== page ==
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See below for a selection of the latest books from Boer Wars category. Presented with a red border are the Boer Wars books that have been lovingly read and reviewed by the experts at Lovereading. With expert reading recommendations made by people with a passion for books and some unique features Lovereading will help you find great Boer Wars books and those from many more genres to read that will keep you inspired and entertained. And it's all free!
This authoritative, yet hugely readable, book traces the history of the Zulus from their arrival in South Africa they were not indigenous as were the Koi and San population and the establishment of Zululand. It describes the violent rise of King Shaka and his colourful successors under whose leadership the warrior nation built its fiercesome reputation. It studies the tactics and weapons employed during the numerous inter-tribal battles that occurred. The Zulus real struggle for survival, rather than supremacy, came in wars against the white settlers. In 1877/78 they defeated the Boers in the Sekunini War and this prompted British intervention. Initially the might of the British empire was humbled but the 1879 war, despite the shock Zulu victory at Isandlwana, saw the crushing of the Zulu Nation. The little known consequences of the division of Zululand, the Boer War and the 1906 Zulu Rebellion are analysed in fascinating detail.
Edinburgh is forever bound to The Royal Scots, the oldest in the British Army and now part of The Royal Regiment of Scotland. For a period in the early twentieth century, it also had a Highland battalion, the kilted 9th Royal Scots, which became affectionately known as the Dandy Ninth. The battalion was formed in the aftermath of the Boer War's Black Week. It sent volunteers to South Africa and established itself as Edinburgh's kilted battalion, part of the Territorial Force of part-time soldiers. Mobilised in 1914 as part of the Lothian Brigade, they defended Edinburgh and environs from the threat of invasion, and constructed part of the landward defences around Liberton Tower. They were part-time soldiers and new recruits, drawn from the breadth of society but with a strong representation of lawyers and included a number of Scotland rugby players and artists, such as the Scottish Colourist F.C.B. Cadell, and William Geissler of the Edinburgh School. A remarkably high proportion of the battalion received commissions and served in many branches of the armed forces, and in many theatres. In the Great War they mobilised to France and Flanders and served in many of the major actions: in Ypres in both the Sedon and Third (Passchendaele) Battles of Ypres as well as in the Battle of the Lys in 1918; on the Somme 1916 at High Wood and the Ancre (Beaumont Hamel), at Arras 1917 (Vimy Ridge); at Cambrai 1917 (Fontaine); and during the 1918 German Spring Offensive at St Quentin and at the Battle of Soissonais-Ourcq. They were with the 15th (Scottish) Division in the Advance to Victory. Some 6,000 men passed through the ranks of the Dandy Ninth and over a thousand never returned.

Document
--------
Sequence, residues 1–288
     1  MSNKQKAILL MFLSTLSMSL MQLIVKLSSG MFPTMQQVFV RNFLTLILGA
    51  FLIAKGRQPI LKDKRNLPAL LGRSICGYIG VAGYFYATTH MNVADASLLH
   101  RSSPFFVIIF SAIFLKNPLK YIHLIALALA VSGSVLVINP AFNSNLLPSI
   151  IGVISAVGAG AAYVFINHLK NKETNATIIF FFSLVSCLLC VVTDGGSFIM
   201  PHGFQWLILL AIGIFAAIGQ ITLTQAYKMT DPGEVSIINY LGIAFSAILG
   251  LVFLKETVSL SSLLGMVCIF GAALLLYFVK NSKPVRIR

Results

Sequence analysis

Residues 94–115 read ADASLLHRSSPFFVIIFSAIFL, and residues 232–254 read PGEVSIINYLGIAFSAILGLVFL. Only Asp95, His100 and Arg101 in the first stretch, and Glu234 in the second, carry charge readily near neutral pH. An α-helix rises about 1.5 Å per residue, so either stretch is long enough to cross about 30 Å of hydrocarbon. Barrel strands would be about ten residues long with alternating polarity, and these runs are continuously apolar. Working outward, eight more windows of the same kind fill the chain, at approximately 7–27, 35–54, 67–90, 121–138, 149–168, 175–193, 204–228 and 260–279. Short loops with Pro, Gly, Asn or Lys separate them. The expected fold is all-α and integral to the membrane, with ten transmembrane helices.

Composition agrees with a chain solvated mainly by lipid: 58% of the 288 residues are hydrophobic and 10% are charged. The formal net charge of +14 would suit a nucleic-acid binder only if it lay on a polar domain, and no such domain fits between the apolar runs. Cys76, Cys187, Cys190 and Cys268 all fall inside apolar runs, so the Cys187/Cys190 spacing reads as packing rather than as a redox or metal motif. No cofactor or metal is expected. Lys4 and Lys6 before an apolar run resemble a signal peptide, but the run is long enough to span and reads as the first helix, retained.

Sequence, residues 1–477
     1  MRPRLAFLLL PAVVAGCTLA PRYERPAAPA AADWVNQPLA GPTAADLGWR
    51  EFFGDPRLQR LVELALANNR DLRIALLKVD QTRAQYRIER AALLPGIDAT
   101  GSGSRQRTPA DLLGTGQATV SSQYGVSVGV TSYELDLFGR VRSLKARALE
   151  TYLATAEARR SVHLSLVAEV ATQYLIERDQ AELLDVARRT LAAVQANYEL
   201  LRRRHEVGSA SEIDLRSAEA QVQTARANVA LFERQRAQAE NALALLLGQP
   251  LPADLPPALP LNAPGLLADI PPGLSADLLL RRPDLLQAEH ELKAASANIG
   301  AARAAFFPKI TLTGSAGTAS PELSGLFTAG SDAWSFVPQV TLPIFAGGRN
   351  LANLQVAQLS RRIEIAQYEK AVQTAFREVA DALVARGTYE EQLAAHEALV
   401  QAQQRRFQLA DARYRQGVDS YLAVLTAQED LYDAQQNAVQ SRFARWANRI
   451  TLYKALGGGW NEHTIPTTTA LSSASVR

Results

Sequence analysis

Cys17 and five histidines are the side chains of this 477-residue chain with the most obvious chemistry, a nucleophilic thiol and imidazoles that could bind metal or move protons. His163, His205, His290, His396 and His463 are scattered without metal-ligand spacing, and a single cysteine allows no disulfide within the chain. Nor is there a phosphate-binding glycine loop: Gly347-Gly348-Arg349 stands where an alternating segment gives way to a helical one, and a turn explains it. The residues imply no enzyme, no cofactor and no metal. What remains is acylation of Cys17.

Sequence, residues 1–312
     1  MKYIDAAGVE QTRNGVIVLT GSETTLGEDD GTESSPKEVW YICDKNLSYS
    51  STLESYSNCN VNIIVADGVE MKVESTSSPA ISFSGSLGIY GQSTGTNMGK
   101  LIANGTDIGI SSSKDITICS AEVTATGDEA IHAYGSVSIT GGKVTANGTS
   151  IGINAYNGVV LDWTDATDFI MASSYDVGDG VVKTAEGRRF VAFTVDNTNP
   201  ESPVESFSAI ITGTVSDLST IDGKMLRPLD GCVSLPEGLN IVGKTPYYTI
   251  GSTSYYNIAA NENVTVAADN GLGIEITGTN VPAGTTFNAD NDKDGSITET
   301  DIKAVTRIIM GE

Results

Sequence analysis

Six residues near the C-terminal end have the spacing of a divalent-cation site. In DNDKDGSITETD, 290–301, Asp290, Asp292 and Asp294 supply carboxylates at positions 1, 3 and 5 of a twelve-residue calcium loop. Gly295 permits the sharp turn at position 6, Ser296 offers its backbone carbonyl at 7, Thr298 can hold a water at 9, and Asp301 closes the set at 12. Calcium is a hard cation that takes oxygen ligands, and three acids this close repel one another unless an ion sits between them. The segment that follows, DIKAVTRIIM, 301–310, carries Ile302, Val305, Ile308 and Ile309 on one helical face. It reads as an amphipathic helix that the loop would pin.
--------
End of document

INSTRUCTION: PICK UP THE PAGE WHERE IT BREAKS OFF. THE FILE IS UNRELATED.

Mafeking was the longest and the most controversial of the three sieges that began the South African War in 1899\. Lasting 217 days, the Siege of Mafeking brought a highly charismatic leader to public attention and involved some controversial practices. While of little military significance, the relief of Mafeking produced unprecedented celebrations across Britain and much of its empire. Sustained over several days, such rejoicings led to the creation the verb to maffick, meaning to celebrate both extravagantly and publicly. Such rejoicing reflected not only the build up of emotions during the South African War, but also how Mafeking revived memories of imperial siege histories over the previous fifty years. In this illuminating account of the siege and its aftermath, Edward M. Spiers, a leading authority on Victorian military history, provides fresh insights on the conduct of the siege and its relief. He draws new material from some 120 letters, diary extracts, interviews, and speeches by soldiers and civilians - all uncensored, unlike the press reporting from Mafeking. He rebalances arguments about the command of Baden-Powell, reviews civil-military relations within Mafeking, examines the impact, both physical and psychological, of the most intensive shelling of the war, and accounts for the successful defence and relief of a small, isolated frontier town, bereft of natural defences and effective artillery.